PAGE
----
I was reading a book the other day, and in it the main character kept using a pay phone. It struck me as odd. He wasn’t poor, and cell phones are available at any convenience store. Then I checked the front of the book and realized it was published in the 90’s. But it got me thinking … times sure have changed.
My parents used to tell me stories about their childhood, and I’d wonder if they were telling the truth. My mom, for example, would tell me about a man who would come to her house via horse drawn wagon to deliver big blocks of ice (I’m unclear on why, exactly, though I think it had something to do with ice boxes … or, perhaps my grandparents were professional ice sculptors). She also insists she used to sit outside electronic stores and watch the TV shows through the window. My dad, on the other hand, used to tell me that things cost pennies, nickels, or dimes. A quarter, he insists, bought your way into a movie with enough left over to get popcorn.
I wonder what things I’m going to tell my son that will make him laugh, or scratch his head. Would he think it strange that we used to have phones on street-corners? Or that people used to rent movies from stores. Will he think I’m lying when I tell him you could take a girl to dinner and a movie for just forty dollars? Or that minimum wage was $8.00/hour.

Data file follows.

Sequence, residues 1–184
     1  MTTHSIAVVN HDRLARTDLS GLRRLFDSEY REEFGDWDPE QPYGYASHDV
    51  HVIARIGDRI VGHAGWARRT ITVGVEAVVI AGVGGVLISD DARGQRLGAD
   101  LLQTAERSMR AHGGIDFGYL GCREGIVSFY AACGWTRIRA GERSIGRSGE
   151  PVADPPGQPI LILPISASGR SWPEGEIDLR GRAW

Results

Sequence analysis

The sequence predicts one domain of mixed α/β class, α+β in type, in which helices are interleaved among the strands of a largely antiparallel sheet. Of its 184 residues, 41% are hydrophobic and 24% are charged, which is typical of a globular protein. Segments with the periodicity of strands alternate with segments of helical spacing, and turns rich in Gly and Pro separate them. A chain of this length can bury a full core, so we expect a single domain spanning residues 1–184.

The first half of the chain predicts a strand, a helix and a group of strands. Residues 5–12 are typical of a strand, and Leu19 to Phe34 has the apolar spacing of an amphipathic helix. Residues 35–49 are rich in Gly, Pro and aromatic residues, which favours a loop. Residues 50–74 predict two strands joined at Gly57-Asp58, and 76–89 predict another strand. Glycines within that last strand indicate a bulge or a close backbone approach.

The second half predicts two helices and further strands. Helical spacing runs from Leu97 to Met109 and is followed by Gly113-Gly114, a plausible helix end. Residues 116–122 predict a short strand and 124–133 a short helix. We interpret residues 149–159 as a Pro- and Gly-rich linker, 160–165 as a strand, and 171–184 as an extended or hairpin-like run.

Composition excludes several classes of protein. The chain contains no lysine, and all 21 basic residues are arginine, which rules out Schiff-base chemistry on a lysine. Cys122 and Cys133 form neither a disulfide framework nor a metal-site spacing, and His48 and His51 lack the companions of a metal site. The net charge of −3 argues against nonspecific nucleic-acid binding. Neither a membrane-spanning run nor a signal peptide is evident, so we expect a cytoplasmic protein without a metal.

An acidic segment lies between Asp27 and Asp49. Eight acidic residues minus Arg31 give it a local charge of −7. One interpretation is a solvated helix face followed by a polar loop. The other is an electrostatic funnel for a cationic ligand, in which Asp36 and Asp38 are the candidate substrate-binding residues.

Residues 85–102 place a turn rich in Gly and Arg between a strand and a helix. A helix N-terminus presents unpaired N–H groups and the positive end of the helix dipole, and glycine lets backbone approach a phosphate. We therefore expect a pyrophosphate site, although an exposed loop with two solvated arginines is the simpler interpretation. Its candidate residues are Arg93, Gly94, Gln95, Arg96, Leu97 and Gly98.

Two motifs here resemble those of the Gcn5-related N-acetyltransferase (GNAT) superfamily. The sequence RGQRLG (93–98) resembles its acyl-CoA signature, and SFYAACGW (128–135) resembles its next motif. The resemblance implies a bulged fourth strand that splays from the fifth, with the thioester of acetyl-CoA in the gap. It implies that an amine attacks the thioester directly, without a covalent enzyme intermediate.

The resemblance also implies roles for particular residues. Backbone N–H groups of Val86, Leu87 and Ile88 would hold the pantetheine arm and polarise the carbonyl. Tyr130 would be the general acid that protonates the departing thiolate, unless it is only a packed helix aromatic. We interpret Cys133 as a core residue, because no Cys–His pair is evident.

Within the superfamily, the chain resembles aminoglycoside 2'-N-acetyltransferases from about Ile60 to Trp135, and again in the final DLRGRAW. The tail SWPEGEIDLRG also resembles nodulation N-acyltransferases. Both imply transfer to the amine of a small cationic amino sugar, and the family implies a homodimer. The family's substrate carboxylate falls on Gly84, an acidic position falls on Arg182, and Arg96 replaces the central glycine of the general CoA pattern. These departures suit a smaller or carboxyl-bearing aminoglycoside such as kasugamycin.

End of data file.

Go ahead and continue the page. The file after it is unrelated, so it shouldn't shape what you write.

I never had a lot of opportunity to talk to my grandparents before they passed away, so I’m not all together sure what it must’ve been like for them growing up (I imagine saloons, horses, and duels at high-noon). I am excited to watch as my son hears stories from my parents about their childhoods. I can practically hear future-him giggling as my mom tells him about the leather-apron-wearing “ice man,” or my dad talking about all the loot he could buy with a dollar.
So what about you, fellow bloggers/blog readers? What do you think the next generation will laugh about?